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The Pygmy Seahorse or Bargibant’s Seahorse (Hippocampus bargibanti) is first species of pygmy seahorse that have been identified. Named after a scientist scuba diver who discovered the species in 1969 while collecting specimens for the Noumea Aquarium in New Caledonia. Read more
When you think of a scallop, you probably picture something like this:
The sea robin (scientific name Triglidae) is named after the bright-crimson chest of the popular American bird. Sea robins don’t quite have feathers, they don’t sing and they don’t eat earthworms.
But they do walk — which, when you think about it, is another characteristic atypical of birds.
Thanks to the work of wildlife officials in India, a baby whale shark that found itself entangled in a gillnet is swimming free. These spotted neonates are rarely seen, which makes the successful rescue all the more exciting. Read more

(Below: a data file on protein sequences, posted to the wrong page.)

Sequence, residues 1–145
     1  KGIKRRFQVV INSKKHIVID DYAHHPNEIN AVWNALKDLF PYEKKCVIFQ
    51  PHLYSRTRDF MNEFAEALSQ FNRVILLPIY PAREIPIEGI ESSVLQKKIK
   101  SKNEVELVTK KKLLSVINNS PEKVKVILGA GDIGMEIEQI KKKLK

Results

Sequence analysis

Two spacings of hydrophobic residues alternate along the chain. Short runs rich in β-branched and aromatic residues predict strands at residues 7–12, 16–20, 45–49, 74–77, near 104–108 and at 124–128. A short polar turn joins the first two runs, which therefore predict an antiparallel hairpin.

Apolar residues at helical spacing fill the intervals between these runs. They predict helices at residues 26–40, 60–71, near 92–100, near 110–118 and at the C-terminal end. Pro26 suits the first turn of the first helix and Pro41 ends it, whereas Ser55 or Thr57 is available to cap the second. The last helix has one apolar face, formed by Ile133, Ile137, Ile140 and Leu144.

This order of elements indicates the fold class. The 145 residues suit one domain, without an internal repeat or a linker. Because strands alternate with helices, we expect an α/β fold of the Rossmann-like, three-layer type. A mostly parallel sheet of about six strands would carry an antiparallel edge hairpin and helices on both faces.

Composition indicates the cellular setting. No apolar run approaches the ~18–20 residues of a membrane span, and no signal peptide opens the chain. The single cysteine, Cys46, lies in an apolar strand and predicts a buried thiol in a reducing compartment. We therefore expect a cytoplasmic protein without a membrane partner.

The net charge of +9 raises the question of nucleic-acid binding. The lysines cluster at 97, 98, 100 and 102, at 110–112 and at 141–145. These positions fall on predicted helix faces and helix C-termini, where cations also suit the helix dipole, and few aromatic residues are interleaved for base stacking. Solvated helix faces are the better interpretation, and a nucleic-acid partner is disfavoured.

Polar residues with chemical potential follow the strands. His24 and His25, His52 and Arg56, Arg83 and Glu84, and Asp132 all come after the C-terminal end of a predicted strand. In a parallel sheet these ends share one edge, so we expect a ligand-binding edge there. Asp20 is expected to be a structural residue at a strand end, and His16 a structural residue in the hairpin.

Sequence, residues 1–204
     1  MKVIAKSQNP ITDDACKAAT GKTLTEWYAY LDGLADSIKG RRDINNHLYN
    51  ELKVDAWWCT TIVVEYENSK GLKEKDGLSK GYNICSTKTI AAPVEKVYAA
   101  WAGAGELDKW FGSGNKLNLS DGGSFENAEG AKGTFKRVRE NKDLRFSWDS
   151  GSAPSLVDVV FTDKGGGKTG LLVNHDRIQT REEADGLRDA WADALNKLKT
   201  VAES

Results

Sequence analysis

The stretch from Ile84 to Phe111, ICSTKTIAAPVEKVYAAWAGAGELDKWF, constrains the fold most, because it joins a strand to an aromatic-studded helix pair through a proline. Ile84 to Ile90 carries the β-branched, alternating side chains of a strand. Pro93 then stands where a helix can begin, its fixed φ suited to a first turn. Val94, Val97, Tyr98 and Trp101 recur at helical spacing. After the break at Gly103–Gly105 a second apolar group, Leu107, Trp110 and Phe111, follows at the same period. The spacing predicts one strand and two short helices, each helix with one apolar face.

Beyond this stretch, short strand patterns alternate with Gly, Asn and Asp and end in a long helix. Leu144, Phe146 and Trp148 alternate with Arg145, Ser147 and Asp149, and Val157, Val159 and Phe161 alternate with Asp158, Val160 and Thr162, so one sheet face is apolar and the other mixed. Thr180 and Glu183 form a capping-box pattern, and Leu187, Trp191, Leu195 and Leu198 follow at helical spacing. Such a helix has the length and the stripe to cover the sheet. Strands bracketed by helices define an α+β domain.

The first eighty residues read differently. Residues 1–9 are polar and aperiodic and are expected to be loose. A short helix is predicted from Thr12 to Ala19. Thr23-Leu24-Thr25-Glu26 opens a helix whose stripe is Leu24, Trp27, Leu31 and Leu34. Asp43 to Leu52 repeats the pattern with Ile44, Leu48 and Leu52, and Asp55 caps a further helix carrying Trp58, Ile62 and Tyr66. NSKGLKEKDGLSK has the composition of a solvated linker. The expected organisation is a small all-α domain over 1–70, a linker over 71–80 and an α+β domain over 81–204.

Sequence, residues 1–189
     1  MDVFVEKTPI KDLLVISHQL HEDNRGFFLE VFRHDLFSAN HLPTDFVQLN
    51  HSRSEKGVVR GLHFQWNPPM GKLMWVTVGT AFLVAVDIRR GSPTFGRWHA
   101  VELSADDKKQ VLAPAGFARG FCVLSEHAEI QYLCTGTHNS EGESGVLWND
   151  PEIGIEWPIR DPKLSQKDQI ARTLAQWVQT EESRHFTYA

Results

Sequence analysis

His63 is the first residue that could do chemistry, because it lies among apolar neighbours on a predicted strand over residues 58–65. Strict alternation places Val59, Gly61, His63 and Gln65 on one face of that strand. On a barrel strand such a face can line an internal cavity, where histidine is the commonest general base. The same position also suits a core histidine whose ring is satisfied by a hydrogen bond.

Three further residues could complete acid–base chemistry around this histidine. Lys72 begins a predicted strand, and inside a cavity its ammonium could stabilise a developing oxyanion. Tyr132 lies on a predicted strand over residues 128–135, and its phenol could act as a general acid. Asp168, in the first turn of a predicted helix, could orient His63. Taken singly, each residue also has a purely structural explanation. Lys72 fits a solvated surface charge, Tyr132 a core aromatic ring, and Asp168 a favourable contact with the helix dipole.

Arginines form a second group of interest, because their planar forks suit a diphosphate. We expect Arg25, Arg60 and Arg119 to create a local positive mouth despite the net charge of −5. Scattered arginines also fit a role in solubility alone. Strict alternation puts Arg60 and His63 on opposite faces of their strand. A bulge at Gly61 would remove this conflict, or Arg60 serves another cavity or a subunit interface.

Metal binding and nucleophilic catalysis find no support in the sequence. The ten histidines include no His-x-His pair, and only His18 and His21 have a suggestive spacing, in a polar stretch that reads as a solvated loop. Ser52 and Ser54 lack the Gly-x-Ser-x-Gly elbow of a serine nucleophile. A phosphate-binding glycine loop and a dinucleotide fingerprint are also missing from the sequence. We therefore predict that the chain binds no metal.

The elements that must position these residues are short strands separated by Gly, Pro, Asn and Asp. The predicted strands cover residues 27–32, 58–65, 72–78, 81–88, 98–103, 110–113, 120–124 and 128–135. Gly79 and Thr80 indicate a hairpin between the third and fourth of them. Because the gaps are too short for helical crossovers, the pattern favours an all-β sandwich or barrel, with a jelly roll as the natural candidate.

Although I am constantly being reminded to not eat seafood, now there is light at the end of the speargun. I can enjoy my guilty pleasure and also do a positive thing for marine conservation. Eat Lionfish!!! Read more
Is it a bird? Is it a plane? No, it’s a flying mobula ray soaring high off the Mexican shore.
Every May, when the wind is calm, a strange popping sound resonates across the southern beaches of the Baja California peninsula in Mexico. It sounds as though someone is cooking popcorn on an industrial scale. But the source of this sound is far more spectacular. Read more
Earth’s largest animal, the blue whale can eat some 4 to 8 tons of krill per day.
ABOUT THE BLUE WHALE
Blue whales are the largest animals ever known to have lived on Earth. These magnificent marine mammals rule the oceans at up to 100 feet long and upwards of 200 tons. Their tongues alone can weigh as much as an elephant.
The blue whale’s heart is the size of a small car and its beat can be detected two miles away. But that’s nothing compared to their calls. Blue whales are the loudest animals on earth and their calls are louder than a jet engine: reaching 188 decibels, while a jet’s engine hit ‘just’ 140 decibels. Read more
One of the most frequently asked questions about whales is why they breach. A study of humpback whales migrating past Australia offers the most definitive answers yet.
After hundreds of hours of observations, we now know it’s true: breaching humpback whales are yelling. Read more